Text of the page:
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Producers of plant-made pharmaceuticals do not have an easy row to hoe, May
2005 by Ann Bailey.
"There are regulations and safety issues that have created complications
for people to break into that market," says Stephen Howell, director of the
Plant Sciences Institute at Iowa State University in Ames. "There are a lot
of companies that got started in that area then backed off."
The regulations that companies producing the products must follow are so
rigid that Monsanto decided in 2003 not to pursue PMP research. The company
said the potential for making profit was too far into the future, Howell
says. No PMP drugs have been approved for the market, according to USDA's
Animal and Plant Health Inspection Service.
Under state and federal regulations, there is zero tolerance for PMP
contamination of the U.S. food or livestock feed supply. Companies that want
to produce PMPs are regulated by state departments of agriculture and by
APHIS, the Environmental Protection Agency and the Food and Drug
Farmers who grow the crops, meanwhile, must follow strict guidelines that
include using equipment dedicated solely for the production of PMPs,
planting the crops a certain distance from other crops and keeping
Last year, 45.19 acres of PMP crops, including corn, safflower and rice,
were grown in the United States. This year Ventria, a California-based
company, received approval to grow 200 acres of PMP rice in Missouri.
However, the company later decided not to plant the GMO rice after it met
with resistance from buyer Anheuser-Busch and had to revise its USDA permit.
The permit process would not have been completed in time for this growing
season, the Associated Press reports.
The concern about PMPs is similar to concerns voiced when any new product is
introduced, Howell says.
"This is a new technology. There are efforts to try to handle it in the very
best ways and safest ways."
Producing PMPs calls for a different kind of agriculture, Howell says.
"This is not just growing No. 2 yellow dent corn anymore." When Iowa farmers
call Howell to ask him about growing PMP crops, he says he tells them the
crops likely will be grown under contract and not for the open market.
"What's vitally important is there needs to be a continuous 'chain of
custody.' There has to be a relationship between the producer and the
processor. There needs to be a continuous chain of responsibility as it
passes from hand to hand so it does not get out of the system."
Companies looking for PMP producers are likely to hand pick the farmers with
whom they will form contractual relationships, Howell says.
"I think there should be a lot of good education," he says. Iowa farmers
interested in someday becoming involved in PMP production have formed
organizations so they can become informed more about the complicated PMP
production and grain-handling process.
"There is a lot of contractual interaction that has legal ramifications and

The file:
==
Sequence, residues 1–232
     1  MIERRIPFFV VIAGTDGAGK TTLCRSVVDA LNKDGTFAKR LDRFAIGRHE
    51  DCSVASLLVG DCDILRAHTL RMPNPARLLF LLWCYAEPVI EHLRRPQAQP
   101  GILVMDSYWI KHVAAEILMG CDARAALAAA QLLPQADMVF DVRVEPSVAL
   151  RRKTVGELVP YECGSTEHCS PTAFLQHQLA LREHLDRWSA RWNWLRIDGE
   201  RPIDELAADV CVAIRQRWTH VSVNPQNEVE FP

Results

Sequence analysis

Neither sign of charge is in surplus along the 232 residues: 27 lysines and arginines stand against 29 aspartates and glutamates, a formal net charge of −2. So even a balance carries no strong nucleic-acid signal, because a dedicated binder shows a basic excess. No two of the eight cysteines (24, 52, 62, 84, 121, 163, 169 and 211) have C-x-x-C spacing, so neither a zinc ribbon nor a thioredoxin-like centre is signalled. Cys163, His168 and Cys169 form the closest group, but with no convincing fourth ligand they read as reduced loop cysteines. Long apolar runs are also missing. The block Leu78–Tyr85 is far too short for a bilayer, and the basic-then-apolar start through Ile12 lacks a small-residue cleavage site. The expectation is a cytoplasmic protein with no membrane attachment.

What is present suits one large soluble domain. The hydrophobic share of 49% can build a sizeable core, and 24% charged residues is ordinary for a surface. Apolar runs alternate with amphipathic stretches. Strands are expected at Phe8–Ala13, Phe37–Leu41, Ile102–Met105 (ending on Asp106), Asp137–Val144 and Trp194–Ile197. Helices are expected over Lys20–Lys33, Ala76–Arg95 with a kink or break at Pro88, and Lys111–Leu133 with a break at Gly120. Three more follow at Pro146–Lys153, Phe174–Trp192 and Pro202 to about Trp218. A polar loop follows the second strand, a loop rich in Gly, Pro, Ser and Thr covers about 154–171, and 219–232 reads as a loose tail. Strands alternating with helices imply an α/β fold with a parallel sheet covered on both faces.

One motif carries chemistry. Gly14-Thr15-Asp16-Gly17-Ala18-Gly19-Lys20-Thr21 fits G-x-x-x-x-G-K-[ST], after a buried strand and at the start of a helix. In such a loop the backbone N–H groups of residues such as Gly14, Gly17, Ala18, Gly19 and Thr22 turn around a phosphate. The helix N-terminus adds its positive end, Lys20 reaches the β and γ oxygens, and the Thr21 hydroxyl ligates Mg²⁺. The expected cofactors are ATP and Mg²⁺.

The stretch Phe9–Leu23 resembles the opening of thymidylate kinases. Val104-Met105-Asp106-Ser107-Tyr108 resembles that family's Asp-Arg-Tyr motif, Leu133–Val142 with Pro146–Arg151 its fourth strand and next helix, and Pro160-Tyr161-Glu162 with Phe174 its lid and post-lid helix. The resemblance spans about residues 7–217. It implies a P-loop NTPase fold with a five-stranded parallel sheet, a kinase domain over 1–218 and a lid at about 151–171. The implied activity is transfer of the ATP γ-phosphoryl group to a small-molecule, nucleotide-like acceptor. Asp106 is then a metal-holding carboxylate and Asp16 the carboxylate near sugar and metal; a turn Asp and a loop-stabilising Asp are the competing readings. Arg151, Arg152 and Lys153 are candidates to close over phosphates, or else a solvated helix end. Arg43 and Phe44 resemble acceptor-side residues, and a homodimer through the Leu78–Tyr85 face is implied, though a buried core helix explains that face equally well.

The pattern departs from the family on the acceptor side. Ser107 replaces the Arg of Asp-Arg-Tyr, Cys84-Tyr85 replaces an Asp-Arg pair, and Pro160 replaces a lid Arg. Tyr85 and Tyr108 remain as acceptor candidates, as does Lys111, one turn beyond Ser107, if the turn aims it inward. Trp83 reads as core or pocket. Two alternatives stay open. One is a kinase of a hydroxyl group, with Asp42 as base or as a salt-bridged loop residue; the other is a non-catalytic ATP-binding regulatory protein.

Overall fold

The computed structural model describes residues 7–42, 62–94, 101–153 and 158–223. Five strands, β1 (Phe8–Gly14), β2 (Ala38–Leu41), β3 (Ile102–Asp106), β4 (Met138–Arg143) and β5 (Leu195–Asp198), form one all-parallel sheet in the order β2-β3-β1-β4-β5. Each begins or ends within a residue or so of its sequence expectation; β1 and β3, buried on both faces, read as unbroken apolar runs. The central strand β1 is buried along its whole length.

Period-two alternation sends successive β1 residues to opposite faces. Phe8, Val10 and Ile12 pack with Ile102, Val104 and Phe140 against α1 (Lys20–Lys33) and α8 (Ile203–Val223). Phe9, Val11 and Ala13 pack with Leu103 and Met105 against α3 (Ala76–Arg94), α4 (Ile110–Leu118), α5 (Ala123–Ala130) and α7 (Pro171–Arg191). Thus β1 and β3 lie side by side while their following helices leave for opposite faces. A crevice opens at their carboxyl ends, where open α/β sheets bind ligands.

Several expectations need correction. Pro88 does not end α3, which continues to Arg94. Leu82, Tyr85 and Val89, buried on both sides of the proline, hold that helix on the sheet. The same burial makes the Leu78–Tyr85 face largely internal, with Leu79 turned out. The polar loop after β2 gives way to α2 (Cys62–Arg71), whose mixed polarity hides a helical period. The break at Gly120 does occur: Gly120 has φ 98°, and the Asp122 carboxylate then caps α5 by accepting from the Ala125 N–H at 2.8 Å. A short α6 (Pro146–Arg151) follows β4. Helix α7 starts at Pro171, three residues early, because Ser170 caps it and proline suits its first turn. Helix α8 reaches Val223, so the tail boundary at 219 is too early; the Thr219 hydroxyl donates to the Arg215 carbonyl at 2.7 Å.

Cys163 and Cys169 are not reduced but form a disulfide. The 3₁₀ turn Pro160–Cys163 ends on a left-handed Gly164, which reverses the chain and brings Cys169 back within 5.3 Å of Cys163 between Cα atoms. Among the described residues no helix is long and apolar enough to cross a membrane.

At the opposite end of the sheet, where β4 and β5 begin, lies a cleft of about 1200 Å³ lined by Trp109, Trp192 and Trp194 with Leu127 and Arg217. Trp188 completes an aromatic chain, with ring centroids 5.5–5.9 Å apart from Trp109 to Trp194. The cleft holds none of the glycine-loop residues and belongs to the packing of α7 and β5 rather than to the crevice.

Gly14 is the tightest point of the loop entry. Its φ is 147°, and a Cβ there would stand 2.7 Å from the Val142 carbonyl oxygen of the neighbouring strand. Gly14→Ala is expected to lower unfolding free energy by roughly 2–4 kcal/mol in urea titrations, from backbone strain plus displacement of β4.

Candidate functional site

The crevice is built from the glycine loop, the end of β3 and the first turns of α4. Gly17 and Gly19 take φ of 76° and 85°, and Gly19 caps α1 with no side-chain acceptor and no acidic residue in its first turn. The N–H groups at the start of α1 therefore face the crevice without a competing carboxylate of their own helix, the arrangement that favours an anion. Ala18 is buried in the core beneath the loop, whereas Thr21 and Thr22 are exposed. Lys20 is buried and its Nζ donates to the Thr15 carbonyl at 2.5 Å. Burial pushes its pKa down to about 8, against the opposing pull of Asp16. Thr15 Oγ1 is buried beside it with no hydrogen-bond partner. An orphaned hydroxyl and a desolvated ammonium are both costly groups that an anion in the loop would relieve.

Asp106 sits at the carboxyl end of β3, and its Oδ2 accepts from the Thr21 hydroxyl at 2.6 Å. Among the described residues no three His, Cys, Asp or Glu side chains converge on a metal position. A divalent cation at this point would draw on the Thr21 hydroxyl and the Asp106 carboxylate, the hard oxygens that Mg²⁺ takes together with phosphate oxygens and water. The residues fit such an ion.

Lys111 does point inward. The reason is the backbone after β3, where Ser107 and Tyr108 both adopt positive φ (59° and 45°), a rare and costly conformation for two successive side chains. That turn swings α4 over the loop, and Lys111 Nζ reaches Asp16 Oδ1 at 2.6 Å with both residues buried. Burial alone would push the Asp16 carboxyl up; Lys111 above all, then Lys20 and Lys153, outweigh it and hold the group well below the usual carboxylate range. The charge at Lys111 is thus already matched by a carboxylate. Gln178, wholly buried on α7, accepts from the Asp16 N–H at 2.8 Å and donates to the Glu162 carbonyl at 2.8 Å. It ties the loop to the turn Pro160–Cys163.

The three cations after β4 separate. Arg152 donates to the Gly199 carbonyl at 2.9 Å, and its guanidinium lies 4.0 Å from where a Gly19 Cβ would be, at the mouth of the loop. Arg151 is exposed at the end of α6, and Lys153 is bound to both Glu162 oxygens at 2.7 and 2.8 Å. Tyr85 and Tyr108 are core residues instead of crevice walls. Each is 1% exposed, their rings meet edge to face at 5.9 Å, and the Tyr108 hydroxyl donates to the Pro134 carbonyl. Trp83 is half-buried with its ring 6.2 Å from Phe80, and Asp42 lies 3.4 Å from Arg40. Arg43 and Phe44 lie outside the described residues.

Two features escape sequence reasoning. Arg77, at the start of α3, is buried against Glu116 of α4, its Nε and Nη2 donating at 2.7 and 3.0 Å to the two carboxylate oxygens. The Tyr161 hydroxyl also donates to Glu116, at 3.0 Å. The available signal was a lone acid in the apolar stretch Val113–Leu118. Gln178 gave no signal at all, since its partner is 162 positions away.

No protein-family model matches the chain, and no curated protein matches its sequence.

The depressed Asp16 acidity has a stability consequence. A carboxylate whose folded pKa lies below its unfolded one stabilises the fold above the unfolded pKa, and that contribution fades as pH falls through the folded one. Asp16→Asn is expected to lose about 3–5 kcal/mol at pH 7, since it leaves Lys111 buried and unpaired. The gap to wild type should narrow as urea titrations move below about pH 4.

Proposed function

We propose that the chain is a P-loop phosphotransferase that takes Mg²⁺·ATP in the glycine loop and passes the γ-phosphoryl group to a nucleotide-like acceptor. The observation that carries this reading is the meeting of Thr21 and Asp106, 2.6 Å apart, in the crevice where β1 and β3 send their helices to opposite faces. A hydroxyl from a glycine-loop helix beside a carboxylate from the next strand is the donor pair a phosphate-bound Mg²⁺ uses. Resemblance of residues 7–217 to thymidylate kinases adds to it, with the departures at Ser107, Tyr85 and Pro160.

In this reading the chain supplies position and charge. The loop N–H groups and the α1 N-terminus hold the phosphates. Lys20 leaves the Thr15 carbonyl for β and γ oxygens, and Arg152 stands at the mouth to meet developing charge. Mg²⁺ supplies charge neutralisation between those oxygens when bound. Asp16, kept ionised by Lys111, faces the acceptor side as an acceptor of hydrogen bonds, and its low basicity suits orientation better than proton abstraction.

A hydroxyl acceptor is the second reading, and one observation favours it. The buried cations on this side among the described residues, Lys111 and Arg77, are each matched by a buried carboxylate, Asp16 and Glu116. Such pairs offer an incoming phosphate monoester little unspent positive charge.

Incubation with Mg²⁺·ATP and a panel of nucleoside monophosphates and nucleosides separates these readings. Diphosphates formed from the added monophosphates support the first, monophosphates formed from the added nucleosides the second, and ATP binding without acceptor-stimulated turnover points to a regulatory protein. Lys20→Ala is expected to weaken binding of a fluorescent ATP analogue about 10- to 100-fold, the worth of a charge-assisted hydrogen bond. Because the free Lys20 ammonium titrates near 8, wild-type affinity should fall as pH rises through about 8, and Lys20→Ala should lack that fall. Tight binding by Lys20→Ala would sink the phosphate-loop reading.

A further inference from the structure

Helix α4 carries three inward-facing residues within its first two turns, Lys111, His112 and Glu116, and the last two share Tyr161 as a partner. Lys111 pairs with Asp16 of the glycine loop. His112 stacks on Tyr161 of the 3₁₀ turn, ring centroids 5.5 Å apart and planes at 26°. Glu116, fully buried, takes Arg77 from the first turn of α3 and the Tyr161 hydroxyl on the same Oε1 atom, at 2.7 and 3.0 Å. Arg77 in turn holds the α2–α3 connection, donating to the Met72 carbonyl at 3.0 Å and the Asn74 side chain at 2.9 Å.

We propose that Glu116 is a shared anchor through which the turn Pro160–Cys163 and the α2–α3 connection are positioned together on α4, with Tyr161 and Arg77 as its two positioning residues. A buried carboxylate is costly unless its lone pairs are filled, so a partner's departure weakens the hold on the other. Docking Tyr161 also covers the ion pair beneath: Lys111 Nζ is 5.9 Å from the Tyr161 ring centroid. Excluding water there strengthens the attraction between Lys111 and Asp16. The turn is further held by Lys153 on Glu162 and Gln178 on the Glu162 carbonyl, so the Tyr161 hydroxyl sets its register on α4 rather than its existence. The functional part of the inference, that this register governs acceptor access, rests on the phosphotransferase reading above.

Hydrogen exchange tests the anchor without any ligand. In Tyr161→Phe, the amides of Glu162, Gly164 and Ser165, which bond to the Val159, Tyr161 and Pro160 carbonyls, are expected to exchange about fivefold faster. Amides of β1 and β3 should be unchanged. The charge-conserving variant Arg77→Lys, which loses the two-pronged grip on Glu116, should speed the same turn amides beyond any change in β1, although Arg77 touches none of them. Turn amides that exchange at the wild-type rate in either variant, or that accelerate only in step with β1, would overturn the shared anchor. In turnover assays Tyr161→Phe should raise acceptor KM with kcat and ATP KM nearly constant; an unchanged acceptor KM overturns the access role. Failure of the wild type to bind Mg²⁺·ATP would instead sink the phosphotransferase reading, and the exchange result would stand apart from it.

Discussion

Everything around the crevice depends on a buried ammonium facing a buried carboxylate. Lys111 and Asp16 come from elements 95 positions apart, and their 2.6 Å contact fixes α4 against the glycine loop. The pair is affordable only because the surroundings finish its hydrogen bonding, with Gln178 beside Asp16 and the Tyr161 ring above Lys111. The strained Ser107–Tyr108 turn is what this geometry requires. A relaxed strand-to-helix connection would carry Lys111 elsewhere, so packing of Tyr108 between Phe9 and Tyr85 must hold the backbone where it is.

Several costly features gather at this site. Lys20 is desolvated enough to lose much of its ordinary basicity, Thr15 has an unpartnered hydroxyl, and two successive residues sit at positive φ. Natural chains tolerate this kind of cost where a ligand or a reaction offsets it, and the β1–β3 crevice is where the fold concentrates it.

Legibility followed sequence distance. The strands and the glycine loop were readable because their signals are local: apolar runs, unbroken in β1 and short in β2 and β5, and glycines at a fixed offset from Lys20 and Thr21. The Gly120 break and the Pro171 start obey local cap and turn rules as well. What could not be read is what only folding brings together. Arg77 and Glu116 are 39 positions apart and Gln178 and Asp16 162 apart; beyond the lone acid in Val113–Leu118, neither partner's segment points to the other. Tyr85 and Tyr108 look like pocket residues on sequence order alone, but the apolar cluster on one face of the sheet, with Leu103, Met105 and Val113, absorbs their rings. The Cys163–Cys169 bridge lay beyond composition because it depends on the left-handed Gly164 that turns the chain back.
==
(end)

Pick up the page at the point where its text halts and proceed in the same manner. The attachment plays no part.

liabilities. Everyone needs to be well aware of what these matters are and
what the safety and regulatory issues are," Howell says.
"We have producers in Iowa who are interested in moving forward. They're
pushing it (PMP production) from a producer angle."
The number of U.S. farmers who would be needed to grow "high-end"
pharmaceuticals would be limited, Howell says.
"The production of high-end pharmaceuticals will never be an agricultural
issue. It will become an industrial issue. You don't need much acreage for
high-end pharmaceuticals," he says.
According to a study by the ISU Plant Sciences Institute, one square mile of
PMP corn acreage - 640 acres - producing monoclonal antibodies would keep a
$10 million processing in plant in operation for one year, he says.
"In our calculation, the return on investment is over 50 percent," Howell
says. According to the Plant Sciences Institute study, the return of farmers
who grow the high-end pharmaceuticals would be about $10,000 an acre, he
Howell didn't have estimates on the potential profit for growers of low-end
pharmaceuticals - including albumin, which has been proposed by a Grand
Forks, N.D., company interested in making the protein from PMP flax - but
says that they are a "much less valuable" product.
Sam Huttenbauer Jr., an owner of Agragen, declines to say how much farmers
would receive per bushel for the PMP flax, but a producer who attended an
Agragen meeting says the company has indicated returns of $600 to $800 an
Though the hurdles that PMP producers and companies must overcome are
significant, Howell feels certain that pharmaceuticals derived from them
eventually will be on the market.
One of the aims of the ISU Plant Institute is ensure everyone in the
production chain of PMPs meets its particular set of demands, Howell says.
U.S. farmers who could meet those demands could see handsome returns for
their work, he says.
"I think it would be a big opportunity wherever it occurred".
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